Etomidate for procedural sedation in the emergency department

Samuel M. Keim, Brian L. Erstad, John C. Sakles, Virgil Davis

Research output: Contribution to journalArticlepeer-review

38 Scopus citations


Study Objective. To review our experience with etomidate in nonintubated patients in the emergency department. Design. A 2-year retrospective chart review of consecutive patients receiving etomidate for sedation. Setting. Emergency department of a university-based teaching hospital. Patients. Forty-eight patients who underwent painful procedures in the emergency department. Measurements and Main Results. Demographics, dosing information, recovery times, and adverse events were abstracted using a standardized data collection form. Forty-eight nonintubated patients were sedated with etomidate. Mean age was 34 years (range 6-80 yrs); 38 were men and 10 women; two were children. The mean initial dose of etomidate was 13 mg. Adverse events occurred in 11 (21%) patients. None sustained any substantial morbidity as indicated by need for intubation, prolonged emergency department stay, or hospital admission. Conclusion. Although controversial, etomidate holds promise as a potent sedative agent for patients undergoing painful procedures in the emergency department. A large prospective evaluation is needed to document the performance and complications of this agent.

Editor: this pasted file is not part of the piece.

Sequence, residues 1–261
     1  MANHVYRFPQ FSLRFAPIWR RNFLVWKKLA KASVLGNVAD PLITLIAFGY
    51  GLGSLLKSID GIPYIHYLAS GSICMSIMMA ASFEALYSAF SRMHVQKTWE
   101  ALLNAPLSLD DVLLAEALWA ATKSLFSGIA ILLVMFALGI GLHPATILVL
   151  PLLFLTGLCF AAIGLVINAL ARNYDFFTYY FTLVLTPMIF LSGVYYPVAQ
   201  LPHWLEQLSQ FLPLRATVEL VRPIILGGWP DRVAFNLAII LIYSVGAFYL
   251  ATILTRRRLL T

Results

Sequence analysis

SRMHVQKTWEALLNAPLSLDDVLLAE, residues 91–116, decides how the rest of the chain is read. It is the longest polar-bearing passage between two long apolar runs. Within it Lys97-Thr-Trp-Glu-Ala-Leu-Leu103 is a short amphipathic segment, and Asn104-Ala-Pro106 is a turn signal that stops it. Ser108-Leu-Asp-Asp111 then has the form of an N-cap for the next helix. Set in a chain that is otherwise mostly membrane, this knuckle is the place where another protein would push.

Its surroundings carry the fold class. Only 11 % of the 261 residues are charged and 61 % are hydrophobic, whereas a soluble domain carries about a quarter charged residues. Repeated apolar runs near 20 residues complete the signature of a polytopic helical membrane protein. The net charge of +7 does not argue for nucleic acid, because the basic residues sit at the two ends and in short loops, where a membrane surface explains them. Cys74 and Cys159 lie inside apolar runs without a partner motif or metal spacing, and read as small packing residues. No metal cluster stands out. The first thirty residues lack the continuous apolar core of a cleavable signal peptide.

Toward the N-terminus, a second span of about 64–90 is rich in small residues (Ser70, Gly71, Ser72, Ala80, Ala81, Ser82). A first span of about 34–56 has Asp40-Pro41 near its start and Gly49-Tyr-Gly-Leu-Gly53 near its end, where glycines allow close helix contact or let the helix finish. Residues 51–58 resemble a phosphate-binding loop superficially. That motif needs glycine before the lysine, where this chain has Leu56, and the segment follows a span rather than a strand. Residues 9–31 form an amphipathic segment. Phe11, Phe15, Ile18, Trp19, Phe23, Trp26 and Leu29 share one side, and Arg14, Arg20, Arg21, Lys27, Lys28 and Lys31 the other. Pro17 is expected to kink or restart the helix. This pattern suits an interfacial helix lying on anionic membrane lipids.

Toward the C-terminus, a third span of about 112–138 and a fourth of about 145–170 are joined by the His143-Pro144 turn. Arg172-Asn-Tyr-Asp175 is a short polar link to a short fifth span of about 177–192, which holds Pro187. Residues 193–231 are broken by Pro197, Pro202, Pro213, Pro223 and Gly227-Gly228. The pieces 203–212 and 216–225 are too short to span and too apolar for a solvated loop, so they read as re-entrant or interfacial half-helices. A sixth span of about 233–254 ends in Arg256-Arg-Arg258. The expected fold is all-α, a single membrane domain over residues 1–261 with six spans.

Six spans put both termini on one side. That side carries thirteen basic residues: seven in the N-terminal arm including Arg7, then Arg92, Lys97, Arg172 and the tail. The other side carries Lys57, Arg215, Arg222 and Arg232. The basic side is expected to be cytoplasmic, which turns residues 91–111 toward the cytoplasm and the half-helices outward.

Original languageEnglish (US)
Pages (from-to)586-592
Number of pages7
Issue number5
StatePublished - Jan 1 2002

ASJC Scopus subject areas

  • Pharmacology (medical)


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